By Allison Golomb; edited by Katherine Hermes
Neptune is a man who lives on in Connecticut folk tales. The real man was enslaved by Mary Olivey, and later manumitted with his wife, Priscilla, in 1760. Olivey provided Neptune with tools to earn a living as a barber and in 1767 he was admitted as an inhabitant of Hartford, a status that gave him rights and obligations alongside his fellow colonists. Neptune, though, was subjected to racial tension and mockery. According to legend he was a “Black Sheriff,” an assistant to the Black Governors whom enslaved people elected to a largely ceremonial and symbolic office in the eighteenth century. In the 1780s tall tales circulated about Neptune being the “Terror of Evil-doers.” It is difficult to know the amount of fiction that makes up the life story of the historical Neptune. The narratives state that Neptune chastised reprobate enslaved people by candlelight on the South Green. For example, one story claims that he disciplined a slave for stealing by giving him thirty lashes across his back, taking away his tobacco for thirty days, and forbidding him from using his gun. He was portrayed as a black sheriff who over-punished fellow black people to instill fear into them, so they would act according to the laws established by white colonists.
The colonists created the positions of Black Sheriff and Black Governor to control the enslaved people, although black people often used these customary offices to resist white oppression. Black sheriffs were selected for their position by the black governor, who had to be approved by the white colonists. Once in their job, their duties were to punish both enslaved and free blacks who disobeyed the laws. Owners thought that if a black man reprimanded other black people they would not have a reason to rebel. Moreover, masters created stories about Neptune to make him scary enough that the people they held captive would abide by the rules. When Neptune was called a “Terror to Evil-doers,” the writers were mocking both him and the members of his community. The “evil-doers” in the eyes of the white storytellers were the enslaved and freemen who disobeyed the colonists’ laws. The “Terror” was another African American who carried out the colonists’ punishments. Neptune’s story was used only to instill fear into the slaves so that they would act correctly and submissively. No stories from the captive community remain to give their side, although the records reveal a tenderness and generosity on the part of Neptune. When a Native woman died in 1758 and there was no money for her burial, he took it upon himself to purchase a grave for her.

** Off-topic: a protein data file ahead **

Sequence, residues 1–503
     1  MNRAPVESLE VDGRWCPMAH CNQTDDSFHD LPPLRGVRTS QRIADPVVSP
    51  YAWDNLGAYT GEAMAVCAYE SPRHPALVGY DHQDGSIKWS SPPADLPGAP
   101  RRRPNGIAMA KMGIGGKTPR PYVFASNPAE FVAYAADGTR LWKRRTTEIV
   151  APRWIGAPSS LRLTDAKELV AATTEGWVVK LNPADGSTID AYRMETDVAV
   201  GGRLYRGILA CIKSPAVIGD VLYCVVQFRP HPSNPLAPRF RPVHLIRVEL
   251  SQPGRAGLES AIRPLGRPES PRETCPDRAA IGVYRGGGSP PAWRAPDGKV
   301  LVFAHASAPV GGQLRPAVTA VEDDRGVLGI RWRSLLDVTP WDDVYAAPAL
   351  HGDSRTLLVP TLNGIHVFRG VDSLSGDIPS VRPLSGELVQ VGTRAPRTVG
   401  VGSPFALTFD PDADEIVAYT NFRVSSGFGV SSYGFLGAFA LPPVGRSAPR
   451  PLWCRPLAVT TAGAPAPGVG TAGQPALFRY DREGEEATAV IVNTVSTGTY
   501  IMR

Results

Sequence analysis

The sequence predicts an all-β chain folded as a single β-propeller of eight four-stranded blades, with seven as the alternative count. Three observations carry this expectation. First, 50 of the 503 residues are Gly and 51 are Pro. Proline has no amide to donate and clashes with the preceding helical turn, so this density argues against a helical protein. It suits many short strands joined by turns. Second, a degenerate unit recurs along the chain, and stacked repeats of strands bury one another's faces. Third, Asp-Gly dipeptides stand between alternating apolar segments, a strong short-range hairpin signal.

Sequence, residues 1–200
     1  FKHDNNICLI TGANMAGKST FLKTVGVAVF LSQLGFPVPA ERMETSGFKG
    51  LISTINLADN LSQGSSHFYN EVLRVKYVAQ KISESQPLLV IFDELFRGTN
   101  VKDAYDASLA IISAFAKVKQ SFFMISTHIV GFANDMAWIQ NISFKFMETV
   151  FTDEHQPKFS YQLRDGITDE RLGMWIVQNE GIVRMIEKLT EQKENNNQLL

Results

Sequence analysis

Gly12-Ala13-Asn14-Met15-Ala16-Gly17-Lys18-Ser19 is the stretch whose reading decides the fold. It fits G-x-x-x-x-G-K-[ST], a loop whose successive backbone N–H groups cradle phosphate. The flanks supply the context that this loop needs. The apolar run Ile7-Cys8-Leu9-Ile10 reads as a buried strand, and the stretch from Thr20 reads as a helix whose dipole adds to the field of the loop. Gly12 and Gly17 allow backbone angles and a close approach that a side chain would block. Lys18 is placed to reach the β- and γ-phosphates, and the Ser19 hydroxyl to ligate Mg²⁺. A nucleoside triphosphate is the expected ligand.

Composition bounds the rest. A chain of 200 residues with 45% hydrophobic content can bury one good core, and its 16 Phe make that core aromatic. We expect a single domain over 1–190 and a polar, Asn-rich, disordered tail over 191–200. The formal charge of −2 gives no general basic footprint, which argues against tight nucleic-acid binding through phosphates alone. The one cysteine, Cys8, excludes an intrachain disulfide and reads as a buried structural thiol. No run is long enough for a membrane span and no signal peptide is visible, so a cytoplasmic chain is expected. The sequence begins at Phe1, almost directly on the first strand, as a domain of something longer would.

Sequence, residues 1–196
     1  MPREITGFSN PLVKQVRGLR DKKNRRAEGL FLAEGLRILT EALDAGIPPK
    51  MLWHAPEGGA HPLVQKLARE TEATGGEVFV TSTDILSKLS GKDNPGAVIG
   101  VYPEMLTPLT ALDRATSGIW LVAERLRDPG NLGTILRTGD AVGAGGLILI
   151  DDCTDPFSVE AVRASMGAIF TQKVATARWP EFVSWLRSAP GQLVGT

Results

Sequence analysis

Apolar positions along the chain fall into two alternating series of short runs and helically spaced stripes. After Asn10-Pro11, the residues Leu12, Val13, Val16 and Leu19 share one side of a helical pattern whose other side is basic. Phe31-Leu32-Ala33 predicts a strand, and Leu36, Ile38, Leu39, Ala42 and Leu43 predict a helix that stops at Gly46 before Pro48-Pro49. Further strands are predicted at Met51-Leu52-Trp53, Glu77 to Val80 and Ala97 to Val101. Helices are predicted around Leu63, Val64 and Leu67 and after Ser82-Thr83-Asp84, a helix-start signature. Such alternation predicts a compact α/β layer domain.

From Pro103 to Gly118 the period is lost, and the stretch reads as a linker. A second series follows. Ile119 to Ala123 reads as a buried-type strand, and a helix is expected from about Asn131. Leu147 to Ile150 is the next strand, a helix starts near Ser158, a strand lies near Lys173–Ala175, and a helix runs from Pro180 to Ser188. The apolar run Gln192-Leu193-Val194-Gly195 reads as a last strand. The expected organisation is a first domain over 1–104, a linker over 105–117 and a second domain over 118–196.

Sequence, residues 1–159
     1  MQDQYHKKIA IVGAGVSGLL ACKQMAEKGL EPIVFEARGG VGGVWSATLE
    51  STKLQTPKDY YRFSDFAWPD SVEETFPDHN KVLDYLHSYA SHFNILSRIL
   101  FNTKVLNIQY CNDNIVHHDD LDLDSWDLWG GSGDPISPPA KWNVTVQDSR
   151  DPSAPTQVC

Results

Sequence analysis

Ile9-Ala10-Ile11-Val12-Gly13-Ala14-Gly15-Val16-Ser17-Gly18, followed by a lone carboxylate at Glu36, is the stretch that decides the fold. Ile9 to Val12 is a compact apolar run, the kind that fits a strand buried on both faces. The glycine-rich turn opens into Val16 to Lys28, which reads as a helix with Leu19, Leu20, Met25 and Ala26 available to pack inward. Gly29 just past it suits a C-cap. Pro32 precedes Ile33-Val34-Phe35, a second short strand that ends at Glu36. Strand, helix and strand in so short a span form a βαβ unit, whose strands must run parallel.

The real Neptune was a husband and father who suffered the loss of many of his own children. Priscilla predeceased him by four years. She died of consumption, or what we now call tuberculosis, in 1792. Neptune died of dropsy, or what we now call edema. Whatever kind of sheriff whites thought Neptune was, his role as a barber established him as an independent man of means. The Connecticut poet, John Trumbull, wrote a satirical poem about barbers, making fun of their elegant dress and their wigs. The poem belies the power and stature men like Neptune exercised in their communities, and the fear whites felt when they encountered such men. It is much more likely that Neptune was a respected and valued member of Hartford’s black community than the legends allow.
 George S. Roberts, Historic Towns of the Connecticut River Valley, (Schenectady: Robson & Adee, 1906), 218; Isaac William Stuart, W. M. B. Hartley, ed., Hartford in the Olden Time: Its First Thirty Years, (Hartford: F. A. Brown, 1853), 43-44; and William Franklin Henney, “The Building of a Model Municipality: the Story of the Laying of the Foundation for a Civic Structure Embodying the Principles of Judicious Self-Government, Good Citizenship and Material Prosperity – First Part of Important Article on the Development of Hartford,” The Connecticut Magazine, Volume IX, No. 1, 1905. 563.
 Stuart, Hartford in the Olden Time, 43-44.
 Douglas Bristol, Knights of the Razor: Black Barbers in Slavery and Freedom (Baltimore: Johns Hopkins Press, 2009), 25.